Notice what it says; whatsoever you do.  Whatsoever.  If you are taking out the garbage, if you are washing dishes, if you are cooking, or jogging, or walking the dog.  In our minds should always be a reminder; believers are servants of Christ, we answer to no other master.  As such, if we are mindful of that fact, as long as we are doing what He’d have of us; such as taking care of our families, than we are actually serving Him in the mundane.

I have a slight…wellllll…not so slight problem with certain preachers that go on  and on trying to get a mass of people hyped up over going to be missionaries, and acting as though that is the ultimate thing that you can be called to do, and if you aren’t over somewhere risking your life, then it is meaningless before God.  Not so.  Not everyone is called to such a life, not in the least.

We are each unique, and God does not call us all the same.  Yes, there are general guidelines and expectations, but as far as living out our lives, even in the mundane, we should have an “ear” to God to figure out what He wants us to do.  If God tells you to stay home and raise your kids, and you do so, that is answering His call in a sacred way just as much as someone who is called to missions and goes.

Faith isn’t about us outdoing one another, it is about hearkening to God in our own lives.  Part of that is recognizing that those mundane tasks we all “love” so much may just be seen as sacred, if we are indeed answering God’s call.  Laundry, dishes, dusting, scrubbing toilets, teaching, mining, fishing, waiting on tables…they become much more meaningful, and bearable, if we find the “sacred” aspect of them in serving God.  Remember; whatsoever you do, do it as unto the Lord; it is Him we serve.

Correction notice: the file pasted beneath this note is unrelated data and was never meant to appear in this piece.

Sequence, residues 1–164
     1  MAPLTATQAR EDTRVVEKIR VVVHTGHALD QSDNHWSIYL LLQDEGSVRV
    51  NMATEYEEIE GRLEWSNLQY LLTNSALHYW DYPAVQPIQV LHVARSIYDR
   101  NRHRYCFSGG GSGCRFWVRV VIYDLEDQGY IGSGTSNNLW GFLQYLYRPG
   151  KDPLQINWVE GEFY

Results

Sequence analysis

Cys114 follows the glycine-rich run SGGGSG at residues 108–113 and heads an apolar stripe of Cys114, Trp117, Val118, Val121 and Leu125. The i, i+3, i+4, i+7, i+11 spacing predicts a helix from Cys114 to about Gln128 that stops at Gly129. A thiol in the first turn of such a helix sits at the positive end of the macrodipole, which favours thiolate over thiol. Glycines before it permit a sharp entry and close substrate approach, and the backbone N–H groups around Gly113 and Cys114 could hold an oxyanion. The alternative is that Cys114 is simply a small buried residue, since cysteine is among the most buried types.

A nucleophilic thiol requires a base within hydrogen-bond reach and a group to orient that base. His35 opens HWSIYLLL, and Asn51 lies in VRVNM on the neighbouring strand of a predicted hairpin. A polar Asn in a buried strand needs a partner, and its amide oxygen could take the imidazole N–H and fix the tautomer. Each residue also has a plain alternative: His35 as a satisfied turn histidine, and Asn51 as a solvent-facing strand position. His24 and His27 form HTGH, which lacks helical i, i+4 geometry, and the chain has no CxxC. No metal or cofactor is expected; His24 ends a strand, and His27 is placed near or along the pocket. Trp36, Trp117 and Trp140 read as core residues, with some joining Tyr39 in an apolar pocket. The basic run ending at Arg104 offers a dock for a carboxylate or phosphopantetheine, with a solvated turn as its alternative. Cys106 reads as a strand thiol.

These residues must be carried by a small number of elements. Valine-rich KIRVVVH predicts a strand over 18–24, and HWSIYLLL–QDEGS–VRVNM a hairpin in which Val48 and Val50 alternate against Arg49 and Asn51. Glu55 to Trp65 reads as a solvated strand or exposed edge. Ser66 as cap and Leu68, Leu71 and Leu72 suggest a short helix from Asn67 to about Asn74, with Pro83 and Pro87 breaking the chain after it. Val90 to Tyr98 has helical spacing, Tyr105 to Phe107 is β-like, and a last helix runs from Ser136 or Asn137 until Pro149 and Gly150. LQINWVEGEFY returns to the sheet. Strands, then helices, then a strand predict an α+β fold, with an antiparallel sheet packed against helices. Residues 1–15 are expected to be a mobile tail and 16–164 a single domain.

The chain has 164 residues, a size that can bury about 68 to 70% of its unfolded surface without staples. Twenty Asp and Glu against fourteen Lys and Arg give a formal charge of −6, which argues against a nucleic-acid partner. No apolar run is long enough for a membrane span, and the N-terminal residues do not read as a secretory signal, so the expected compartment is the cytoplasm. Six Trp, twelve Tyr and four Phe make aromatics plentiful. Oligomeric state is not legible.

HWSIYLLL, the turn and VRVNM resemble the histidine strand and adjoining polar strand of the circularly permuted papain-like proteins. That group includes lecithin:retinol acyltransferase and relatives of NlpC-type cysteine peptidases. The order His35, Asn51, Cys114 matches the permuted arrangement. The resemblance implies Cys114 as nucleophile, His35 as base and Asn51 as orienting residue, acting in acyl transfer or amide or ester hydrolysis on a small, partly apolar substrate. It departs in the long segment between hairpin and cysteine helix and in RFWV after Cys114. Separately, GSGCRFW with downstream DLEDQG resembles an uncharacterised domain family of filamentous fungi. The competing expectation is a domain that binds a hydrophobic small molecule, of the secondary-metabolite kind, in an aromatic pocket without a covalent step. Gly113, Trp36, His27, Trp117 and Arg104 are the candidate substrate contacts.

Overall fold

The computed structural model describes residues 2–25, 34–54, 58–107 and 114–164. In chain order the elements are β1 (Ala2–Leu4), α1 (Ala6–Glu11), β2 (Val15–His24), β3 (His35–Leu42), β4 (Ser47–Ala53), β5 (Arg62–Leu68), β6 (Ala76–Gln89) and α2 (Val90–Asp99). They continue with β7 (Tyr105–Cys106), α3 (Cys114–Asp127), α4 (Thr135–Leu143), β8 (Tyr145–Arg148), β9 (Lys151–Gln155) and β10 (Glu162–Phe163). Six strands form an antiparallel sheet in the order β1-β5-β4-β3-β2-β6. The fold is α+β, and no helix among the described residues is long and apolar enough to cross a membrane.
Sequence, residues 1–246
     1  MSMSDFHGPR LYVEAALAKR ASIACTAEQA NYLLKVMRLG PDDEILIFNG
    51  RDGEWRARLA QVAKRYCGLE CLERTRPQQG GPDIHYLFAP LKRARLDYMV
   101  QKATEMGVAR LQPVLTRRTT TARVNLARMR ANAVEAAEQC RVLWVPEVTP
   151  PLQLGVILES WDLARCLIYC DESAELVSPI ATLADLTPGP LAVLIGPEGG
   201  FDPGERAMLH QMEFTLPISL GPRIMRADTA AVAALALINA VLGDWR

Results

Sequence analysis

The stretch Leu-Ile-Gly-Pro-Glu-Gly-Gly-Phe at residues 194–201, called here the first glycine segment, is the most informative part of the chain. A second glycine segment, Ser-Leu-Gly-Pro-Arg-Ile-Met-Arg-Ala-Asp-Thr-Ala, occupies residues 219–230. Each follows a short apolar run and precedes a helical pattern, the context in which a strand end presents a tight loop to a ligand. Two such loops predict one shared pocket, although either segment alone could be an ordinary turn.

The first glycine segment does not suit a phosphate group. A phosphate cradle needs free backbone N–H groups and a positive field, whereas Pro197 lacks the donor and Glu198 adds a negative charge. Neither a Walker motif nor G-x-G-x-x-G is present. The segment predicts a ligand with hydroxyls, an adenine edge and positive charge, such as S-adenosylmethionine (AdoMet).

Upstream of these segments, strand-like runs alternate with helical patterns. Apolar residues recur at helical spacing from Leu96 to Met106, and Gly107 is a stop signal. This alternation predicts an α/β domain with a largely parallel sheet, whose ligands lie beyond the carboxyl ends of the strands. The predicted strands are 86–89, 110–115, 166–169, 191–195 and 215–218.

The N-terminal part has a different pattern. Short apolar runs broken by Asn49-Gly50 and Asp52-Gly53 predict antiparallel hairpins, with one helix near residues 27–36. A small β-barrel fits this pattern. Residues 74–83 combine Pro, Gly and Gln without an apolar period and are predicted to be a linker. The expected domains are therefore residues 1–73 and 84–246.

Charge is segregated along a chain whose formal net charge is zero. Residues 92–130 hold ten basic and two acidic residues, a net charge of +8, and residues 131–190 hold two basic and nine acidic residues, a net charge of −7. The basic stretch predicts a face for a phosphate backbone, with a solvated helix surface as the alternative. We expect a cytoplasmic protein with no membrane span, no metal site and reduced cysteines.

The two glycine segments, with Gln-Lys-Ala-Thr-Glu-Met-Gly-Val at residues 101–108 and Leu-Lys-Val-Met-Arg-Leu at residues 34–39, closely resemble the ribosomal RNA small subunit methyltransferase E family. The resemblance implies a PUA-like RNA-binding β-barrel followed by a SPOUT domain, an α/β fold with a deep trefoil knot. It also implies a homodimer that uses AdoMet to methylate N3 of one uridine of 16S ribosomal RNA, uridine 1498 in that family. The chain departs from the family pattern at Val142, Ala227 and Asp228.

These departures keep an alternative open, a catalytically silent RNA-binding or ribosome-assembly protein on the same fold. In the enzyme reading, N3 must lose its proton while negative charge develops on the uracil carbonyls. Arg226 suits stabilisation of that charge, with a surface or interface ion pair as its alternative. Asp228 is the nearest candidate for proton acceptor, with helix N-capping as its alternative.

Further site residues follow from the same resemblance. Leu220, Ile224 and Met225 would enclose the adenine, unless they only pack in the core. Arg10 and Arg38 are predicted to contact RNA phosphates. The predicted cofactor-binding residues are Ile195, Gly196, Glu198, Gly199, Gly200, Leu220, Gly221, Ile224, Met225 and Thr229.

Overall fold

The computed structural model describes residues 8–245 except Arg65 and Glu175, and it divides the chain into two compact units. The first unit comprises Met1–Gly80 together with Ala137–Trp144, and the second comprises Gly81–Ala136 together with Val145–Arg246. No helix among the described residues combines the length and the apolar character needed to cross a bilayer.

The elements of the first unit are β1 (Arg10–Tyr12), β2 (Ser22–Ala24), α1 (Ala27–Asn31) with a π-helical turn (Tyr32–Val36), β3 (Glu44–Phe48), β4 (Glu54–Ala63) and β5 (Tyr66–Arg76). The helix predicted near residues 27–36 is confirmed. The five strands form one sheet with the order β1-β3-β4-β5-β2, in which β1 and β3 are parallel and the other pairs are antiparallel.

Is it easy to keep this in mind? Not in the least.  We literally cannot remember it all the time, somethings get too frustrating or overwhelming, but we can ask the Holy Spirit to help us remember these things, especially when we are just reflecting on the day, or getting ready for it.  And, it is one of those things that we have to be constantly reminding ourselves, because the “mundane” is labeled so for a reason.  It is far easier to live out if we are doing something “spectacular” in the eyes of other humans…but we are not their servants, we are His…and when we are His, anything He urges us to do, and we do with the help of the Spirit, becomes spectacular.

4 Comments

Filed under Sacred Secular, Theology